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Wannacry’s Return: Petya Ransomware Attack Hitting Businesses And I’m Not Surprised One Bit

Wannacry’s Return: Petya Ransomware Attack Hitting Businesses And I’m Not Surprised One Bit

A type of ransomware known as Petya and Petrwrap began spreading internationally on Tuesday. Reported victims so far include Ukrainian infrastructure like power companies, airports, public transit, and the central bank, as well as Danish shipping company Maersk, the Russian oil giant Rosnoft, and institutions in India, Spain, France, the United Kingdom, and beyond.

What makes the rapid escalation of Petya both surprising and alarming is its similarity to the recent worldwide WannaCry ransomware crisis, primarily in its use of NSA exploit EternalBlue to spread through networks.

Source: Wired: A Scary New Ransomware Outbreak Uses WannaCry’s Old Tricks

 

Petya is not a surprise.

The WannaCry ransomware attack was unique, in that it was very good at one thing and very bad at another.  This bug propagated itself rapidly from system to system using the NSA “EternalBlue” exploit.  Technically, WannaCry was a worm, which makes it very different than past ransomware attacks, which are typically delivered via email and phishing exploits.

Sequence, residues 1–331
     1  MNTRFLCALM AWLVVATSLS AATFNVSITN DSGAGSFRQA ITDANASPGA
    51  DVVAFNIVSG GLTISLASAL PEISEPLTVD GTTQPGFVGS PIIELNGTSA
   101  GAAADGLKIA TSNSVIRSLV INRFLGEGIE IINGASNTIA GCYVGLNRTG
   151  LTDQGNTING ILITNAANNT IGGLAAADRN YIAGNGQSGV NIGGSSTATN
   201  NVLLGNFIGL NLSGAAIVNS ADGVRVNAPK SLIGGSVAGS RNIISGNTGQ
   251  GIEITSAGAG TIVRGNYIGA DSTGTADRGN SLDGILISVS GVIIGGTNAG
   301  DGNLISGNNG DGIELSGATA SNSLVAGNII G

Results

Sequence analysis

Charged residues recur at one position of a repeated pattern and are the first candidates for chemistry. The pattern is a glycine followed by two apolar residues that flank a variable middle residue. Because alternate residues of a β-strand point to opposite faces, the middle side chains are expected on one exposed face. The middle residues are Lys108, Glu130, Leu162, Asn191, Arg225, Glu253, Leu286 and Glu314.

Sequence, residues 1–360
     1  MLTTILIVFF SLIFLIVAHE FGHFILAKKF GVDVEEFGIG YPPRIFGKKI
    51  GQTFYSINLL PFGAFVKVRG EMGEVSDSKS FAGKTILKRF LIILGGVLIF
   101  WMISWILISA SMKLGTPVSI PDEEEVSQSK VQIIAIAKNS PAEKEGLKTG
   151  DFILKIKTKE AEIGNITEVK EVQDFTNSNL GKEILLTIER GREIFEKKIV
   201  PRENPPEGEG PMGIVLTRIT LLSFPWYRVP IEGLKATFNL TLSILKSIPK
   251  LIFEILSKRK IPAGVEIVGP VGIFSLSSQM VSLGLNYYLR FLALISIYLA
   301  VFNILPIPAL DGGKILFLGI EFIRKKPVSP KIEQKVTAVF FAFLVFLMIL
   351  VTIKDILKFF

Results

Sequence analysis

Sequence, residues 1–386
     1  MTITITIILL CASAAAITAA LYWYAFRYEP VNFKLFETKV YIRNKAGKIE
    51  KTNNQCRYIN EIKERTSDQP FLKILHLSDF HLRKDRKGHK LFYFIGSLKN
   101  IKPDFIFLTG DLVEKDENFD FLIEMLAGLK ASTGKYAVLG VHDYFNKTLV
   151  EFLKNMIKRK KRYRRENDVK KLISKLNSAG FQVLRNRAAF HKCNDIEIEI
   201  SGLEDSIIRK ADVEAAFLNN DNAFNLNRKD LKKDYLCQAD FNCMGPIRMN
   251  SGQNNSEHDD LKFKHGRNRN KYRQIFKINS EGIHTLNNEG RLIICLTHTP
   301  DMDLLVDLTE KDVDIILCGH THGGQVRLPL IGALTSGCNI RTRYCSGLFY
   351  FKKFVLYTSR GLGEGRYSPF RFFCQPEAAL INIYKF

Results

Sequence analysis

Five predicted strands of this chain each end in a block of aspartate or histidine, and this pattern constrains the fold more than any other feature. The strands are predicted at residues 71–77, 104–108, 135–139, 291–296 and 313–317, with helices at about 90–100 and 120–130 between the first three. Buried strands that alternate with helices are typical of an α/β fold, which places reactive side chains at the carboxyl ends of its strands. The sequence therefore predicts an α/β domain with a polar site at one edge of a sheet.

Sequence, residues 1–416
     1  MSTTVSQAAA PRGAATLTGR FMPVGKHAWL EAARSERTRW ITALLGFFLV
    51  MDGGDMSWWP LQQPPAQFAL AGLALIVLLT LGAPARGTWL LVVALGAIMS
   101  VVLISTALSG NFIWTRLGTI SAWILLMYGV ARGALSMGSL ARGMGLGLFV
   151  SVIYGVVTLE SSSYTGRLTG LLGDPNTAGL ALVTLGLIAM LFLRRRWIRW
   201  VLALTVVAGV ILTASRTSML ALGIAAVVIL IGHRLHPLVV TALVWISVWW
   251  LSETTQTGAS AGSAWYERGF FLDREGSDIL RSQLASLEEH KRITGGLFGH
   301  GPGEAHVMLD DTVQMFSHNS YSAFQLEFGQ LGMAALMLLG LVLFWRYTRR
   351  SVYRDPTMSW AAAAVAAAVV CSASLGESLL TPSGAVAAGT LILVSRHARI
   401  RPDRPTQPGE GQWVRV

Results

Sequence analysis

The second way in which WannaCry (and now Petya) was unique, is that it made no money.  Make no mistake – ransomware is an organized, well-funded industry, and exists to make money, which WannaCry failed to do.

While it’s too soon to tell, my guess is that cyber criminals (probably in Eastern Europe or Russia) took EternalBlue, wrapped it in a modified version of WannaCry’s propagation engine, and also gave it the ability to earn some major Bitcoins, and now we have Petya.

If I was a black hat hacker, that is exactly what I would have done with this little gem.

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